Pubdate: Thu, 01 Sep 2016
Source: SF Weekly (CA)
Column: Chem Tales
Copyright: 2016 Village Voice Media
Author: Alex Halperin

Poorly Informed


A few years into the state legalization experiment, we know one big 
thing: A legal marijuana industry can function more or less like any 
other kind of business.

What don't we know? Pretty much everything else. We don't know what 
legalization will mean for youth marijuana use, or which medical 
conditions marijuana can treat. With less than three full years of 
legalization in Colorado and Washington state, there's still very little data.

There are, of course, statistics that can be wielded for partisan 
advantage. Take road safety, a favorite issue for legalization 
opponents. Project SAM, the most prominent U.S. anti-pot group, said 
in a February report that in Colorado, the number of driving 
fatalities in which the driver tested positive for THC climbed from 
6.9 percent in 2006 to 19.3 percent in 2014, the first full year of 

With some added perspective, the alarming figure loses some of its 
oomph. Across the same time period, in Colorado and Washington, where 
marijuana use is above national rates, the total number of traffic 
fatalities fell, and both states are safer for driving than the 
country at large, according to the National Highway Traffic Safety 
Administration, based on fatalities per 100,000 population. (Both 
states saw a significant jump in fatalities in 2015.)

The available science strongly suggests that drunken driving is far 
more hazardous than stoned driving. The most dangerous states for 
driving tend to be deep red and have not legalized medical or 
recreational marijuana.

As with all things weed, there are further complications: Unlike 
alcohol, there's no accepted way to measure how high someone is. 
Drivers can test positive for THC days or weeks after they last used.

In short, it's way too early to draw conclusions about the 
relationship between legalization and road safety. So far, the 
results have not been catastrophic. The same can be said for just 
about every aspect of legalization's impact.

One reason cannabis opponents have struggled to win support is they 
haven't found a compelling argument for why legalization is more 
problematic than prohibition. No one has done this before, so there 
aren't any disastrous precedents. They have to convince the public 
that the largely unknown risks of legalization are worse than the 
known risks of the status quo.

There are plenty of cautionary tales. Every adult in America knows 
someone they think would be better off if they hadn't smoked so much 
pot. Opponents are forced to argue that legalization will exacerbate 
problem use, though, as with driving, the available data doesn't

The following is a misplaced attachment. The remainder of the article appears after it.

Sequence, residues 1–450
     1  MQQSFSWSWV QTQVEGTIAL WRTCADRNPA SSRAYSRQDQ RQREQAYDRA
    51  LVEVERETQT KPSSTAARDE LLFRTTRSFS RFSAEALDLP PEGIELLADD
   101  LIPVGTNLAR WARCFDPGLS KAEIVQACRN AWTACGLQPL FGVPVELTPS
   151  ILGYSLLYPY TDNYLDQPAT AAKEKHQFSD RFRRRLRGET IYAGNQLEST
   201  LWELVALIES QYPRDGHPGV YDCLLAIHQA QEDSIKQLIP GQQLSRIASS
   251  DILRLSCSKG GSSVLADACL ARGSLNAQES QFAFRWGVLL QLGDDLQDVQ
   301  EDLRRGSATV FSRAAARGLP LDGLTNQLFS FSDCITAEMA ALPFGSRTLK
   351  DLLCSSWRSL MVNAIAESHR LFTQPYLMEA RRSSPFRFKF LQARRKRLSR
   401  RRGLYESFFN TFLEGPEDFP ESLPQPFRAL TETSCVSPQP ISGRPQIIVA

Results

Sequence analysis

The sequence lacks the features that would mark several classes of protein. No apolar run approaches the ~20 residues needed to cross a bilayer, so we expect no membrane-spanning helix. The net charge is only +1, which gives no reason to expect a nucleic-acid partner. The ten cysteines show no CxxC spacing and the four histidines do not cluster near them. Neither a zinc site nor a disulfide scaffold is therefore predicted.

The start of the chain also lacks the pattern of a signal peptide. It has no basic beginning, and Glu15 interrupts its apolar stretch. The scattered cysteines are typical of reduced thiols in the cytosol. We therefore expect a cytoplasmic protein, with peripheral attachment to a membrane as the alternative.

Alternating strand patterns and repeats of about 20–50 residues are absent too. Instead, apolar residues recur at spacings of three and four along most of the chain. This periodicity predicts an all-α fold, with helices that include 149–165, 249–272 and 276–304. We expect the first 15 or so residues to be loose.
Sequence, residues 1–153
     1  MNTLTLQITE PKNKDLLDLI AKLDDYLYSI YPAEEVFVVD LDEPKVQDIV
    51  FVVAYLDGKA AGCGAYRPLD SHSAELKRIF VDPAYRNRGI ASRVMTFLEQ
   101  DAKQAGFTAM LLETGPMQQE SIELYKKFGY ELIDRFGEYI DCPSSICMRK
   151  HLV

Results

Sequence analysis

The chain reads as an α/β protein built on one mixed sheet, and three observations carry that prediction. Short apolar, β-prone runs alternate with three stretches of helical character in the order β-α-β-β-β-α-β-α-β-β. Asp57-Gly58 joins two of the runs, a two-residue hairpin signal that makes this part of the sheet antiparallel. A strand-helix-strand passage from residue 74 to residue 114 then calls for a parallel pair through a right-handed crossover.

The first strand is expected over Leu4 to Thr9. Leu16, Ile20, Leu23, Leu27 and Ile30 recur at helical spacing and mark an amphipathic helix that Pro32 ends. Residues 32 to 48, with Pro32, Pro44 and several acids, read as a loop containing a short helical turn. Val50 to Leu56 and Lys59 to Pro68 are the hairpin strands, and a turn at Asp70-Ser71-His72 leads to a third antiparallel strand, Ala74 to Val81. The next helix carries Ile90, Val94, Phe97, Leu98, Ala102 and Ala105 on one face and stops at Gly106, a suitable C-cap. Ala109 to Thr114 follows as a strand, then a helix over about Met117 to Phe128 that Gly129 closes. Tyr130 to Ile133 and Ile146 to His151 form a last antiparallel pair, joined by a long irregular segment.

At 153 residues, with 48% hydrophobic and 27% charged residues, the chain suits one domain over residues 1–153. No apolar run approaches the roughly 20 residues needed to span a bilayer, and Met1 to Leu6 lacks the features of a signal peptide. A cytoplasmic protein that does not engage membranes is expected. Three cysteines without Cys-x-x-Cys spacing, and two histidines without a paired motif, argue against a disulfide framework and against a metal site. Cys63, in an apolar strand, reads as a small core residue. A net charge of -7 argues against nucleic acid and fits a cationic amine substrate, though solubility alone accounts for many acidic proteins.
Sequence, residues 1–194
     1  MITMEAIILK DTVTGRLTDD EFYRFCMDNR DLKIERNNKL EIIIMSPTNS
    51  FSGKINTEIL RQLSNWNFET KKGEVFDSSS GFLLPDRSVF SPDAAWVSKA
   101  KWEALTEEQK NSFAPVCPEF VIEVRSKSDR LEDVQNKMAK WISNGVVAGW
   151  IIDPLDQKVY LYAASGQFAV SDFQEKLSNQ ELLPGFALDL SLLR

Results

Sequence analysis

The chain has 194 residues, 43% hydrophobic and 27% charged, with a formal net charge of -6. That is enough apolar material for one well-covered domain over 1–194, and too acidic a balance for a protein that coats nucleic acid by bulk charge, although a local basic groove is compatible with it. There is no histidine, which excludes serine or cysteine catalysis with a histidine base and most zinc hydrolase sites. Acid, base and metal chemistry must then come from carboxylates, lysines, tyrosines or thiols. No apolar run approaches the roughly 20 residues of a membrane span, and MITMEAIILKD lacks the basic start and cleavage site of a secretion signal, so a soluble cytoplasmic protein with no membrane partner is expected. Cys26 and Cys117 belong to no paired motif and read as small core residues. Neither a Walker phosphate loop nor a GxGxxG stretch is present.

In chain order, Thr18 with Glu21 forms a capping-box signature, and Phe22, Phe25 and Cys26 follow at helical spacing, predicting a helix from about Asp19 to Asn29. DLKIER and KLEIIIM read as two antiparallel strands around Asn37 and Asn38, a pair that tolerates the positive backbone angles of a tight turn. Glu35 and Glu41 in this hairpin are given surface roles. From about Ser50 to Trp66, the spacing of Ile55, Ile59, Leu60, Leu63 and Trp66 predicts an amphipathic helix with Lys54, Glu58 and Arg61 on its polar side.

necessarily support their case.

With something so new, it's impossible to predict where the risks are 
most severe, but you can take some reasonable guesses. In the same 
February report, Project SAM lists a few variables that demand "more 
sophisticated data ... on both the consequences of legalization and 
the economic costs of such a policy." It includes "potency and price 
trends," "mental health effects of marijuana," "emergency room and 
hospital admissions," "worker productivity," and "the effect on the 
market for alcohol and other drugs."

A legalization supporter might ask to know more about the industry's 
economic impact: jobs created, GDP growth, that kind of stuff.

The statistics will accumulate over time, but they're a poor 
substitute for what we actually want to know about legalization, 
which is how it will alter daily life, and what it means for life at 
home and on the job. How will it change the way Americans raise their 
children and care for their elderly parents?

A few things are known about marijuana: It doesn't cause fatal 
overdoses. It has never caused problems comparable to efforts to 
prohibit it, and it may have important medical uses. That's not a bad 
beginning for a big social experiment, but it's important to remember 
that it is an experiment; mass-market legalization may create or 
illuminate problems with weed that have not previously been apparent. 
So far, the closest brush the industry has had with a crisis involves 
the use of pesticides, something that was not widely anticipated but 
appears manageable.

So far, legalization's haphazard rollout has largely vindicated 
supporters who maintain that marijuana should never have been banned 
in the first place. This leaves opponents no choice but to scare us 
with misused statistics. Perhaps in the future, the roles will 
reverse and put the industry on the defensive.

The truth is that crises are impossible to predict. A plant 
contaminant could sicken people or wipe out crops and jobs. Perhaps 
in a few years, kindergarten teachers will start to notice an 
increase in a specific learning disability.

We know the problems created by prohibition. Will legalization be any 
better? There's only one way to find out.
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MAP posted-by: Jay Bergstrom